Disclaimer: I know Will. We work in the same town, in the same line of business and have evolved our approaches in parallel, you might say. We’re different in our views – but it is fair to say we share many values and models for understanding the world.
That said, he wouldn’t want me to be anything but honest…
So, who should read Culture Shock?
If there’s a spectrum of people starting with people deeply interested I ideas like democratic workplaces and ethical business and at the other end people who people who stress the primacy of the market and the progressive, positive influence of its invisible hand, then it will be people who lean towards the former that will get the most from this book.
It’s a rallying call to sympathetic souls, to galvanise and have the courage of their beliefs to try and create different types of businesses.
In an endorsement at the start, Dan McQuillan nails it when he calls Culture Shock “the field notes of a pioneer”.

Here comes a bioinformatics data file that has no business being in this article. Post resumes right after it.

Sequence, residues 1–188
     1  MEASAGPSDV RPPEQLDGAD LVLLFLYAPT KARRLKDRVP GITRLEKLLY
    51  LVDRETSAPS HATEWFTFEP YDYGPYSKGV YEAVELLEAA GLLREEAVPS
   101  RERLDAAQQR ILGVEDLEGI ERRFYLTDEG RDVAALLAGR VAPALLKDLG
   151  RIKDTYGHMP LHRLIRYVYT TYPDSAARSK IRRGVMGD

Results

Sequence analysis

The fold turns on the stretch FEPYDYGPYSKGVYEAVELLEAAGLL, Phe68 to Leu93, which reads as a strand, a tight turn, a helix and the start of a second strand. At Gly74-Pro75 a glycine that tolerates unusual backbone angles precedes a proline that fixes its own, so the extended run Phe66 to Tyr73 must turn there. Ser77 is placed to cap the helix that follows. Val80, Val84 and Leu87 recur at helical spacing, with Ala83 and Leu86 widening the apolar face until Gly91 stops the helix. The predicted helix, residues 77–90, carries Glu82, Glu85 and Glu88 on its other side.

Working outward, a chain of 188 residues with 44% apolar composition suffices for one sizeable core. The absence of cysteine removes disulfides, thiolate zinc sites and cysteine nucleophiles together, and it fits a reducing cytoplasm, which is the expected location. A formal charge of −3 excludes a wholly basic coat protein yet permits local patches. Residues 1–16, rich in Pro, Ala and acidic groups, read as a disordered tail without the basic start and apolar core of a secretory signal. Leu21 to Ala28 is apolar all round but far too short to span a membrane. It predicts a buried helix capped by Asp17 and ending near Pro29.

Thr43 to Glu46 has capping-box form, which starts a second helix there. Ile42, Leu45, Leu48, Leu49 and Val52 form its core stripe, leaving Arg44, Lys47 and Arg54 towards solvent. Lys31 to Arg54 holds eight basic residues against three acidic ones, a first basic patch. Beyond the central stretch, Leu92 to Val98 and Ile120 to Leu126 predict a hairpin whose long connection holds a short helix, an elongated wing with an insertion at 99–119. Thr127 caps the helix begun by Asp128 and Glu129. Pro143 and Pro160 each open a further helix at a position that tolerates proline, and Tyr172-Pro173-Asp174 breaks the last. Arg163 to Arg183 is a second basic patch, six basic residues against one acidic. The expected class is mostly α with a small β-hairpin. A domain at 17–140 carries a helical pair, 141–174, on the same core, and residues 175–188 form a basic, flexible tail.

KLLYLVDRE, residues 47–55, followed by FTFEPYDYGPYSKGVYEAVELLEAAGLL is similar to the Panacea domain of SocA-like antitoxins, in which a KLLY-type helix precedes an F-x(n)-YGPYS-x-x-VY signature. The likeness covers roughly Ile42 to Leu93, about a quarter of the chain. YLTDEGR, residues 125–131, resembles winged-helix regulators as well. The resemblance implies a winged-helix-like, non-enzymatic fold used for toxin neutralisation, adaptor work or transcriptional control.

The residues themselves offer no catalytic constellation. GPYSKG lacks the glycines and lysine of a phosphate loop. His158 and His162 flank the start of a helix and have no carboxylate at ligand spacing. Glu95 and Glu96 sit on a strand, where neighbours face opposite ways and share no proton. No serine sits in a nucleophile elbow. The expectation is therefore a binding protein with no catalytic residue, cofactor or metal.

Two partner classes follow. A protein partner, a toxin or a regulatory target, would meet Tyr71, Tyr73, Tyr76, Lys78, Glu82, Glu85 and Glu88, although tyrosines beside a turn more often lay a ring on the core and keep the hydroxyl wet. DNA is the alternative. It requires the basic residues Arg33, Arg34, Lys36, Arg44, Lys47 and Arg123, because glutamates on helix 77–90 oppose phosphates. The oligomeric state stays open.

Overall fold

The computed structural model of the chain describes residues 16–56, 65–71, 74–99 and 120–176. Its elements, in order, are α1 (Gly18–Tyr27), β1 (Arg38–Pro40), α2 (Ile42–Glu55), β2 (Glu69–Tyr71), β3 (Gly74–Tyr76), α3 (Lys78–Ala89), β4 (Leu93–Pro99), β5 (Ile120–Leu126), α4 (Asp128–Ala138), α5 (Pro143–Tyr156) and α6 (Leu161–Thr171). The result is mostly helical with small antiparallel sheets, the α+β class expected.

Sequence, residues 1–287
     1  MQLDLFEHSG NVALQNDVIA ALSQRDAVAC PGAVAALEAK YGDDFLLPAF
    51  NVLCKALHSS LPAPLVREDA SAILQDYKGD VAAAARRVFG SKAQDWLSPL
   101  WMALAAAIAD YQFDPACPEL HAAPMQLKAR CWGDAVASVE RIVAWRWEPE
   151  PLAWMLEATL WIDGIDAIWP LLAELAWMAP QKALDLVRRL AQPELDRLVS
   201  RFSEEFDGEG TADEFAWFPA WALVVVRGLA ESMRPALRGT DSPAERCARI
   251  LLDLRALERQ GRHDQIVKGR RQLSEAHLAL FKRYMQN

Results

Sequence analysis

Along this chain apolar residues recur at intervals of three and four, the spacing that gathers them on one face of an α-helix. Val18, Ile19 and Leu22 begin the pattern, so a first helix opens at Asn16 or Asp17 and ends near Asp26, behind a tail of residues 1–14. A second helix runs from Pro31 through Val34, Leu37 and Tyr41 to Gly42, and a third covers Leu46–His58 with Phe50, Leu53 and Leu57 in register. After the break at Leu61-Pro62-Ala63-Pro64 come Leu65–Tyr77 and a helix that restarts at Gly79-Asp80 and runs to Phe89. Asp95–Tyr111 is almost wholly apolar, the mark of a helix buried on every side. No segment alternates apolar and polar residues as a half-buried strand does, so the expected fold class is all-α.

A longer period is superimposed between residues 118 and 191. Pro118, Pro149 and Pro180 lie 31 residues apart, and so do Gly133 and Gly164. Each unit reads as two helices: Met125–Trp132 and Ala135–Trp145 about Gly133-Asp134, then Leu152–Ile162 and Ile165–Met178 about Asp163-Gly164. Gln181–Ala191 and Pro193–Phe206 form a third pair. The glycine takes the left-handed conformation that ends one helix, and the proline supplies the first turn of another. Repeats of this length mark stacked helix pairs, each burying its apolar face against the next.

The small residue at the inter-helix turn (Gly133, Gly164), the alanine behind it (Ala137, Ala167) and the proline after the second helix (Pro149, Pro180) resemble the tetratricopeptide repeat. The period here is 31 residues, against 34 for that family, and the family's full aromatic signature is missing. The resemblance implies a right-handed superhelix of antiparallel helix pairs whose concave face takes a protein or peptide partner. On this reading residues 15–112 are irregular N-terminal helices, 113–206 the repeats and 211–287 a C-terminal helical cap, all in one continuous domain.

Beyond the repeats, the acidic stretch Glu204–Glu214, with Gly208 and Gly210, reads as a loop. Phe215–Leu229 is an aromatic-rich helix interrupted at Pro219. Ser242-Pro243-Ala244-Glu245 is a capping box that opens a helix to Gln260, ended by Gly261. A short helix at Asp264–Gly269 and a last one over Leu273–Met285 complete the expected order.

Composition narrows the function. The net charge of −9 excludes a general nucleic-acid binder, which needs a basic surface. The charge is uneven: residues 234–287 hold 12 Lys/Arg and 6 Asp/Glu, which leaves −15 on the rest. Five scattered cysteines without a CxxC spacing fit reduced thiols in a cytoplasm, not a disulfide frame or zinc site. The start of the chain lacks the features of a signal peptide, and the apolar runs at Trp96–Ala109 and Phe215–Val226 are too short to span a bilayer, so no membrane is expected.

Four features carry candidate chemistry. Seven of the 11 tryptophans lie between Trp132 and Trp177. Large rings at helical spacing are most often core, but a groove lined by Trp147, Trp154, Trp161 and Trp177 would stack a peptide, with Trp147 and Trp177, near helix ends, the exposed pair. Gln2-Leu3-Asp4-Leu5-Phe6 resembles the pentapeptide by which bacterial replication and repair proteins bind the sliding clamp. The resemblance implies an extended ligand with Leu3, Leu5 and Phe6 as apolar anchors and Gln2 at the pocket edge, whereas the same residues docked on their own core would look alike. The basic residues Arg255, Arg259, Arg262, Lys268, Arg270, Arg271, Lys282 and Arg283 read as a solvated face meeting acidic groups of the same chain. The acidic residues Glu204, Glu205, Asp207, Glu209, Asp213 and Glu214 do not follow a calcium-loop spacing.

The book is a rich seam of thinking, evidence and management how-to guides. If you are interested in how a transparent, democratic business might work, this book will tell you. And then give some evidence. Actually, the number of strong case studies is really impressive, and while you may have heard a couple there were a lot that were new to me and probably will be to you.
It is also completely without guile. This is not a self-consciously clever book, it is just clever. Though it was written by a talented public speaker it is not rhetorical – it is plain spoken, direct and practical.
This book is not for everyone. It will displease a lot of people. But, if you’re open to the idea of business with a more human, kinder streak to it, this is a brilliant, compelling, urgent read.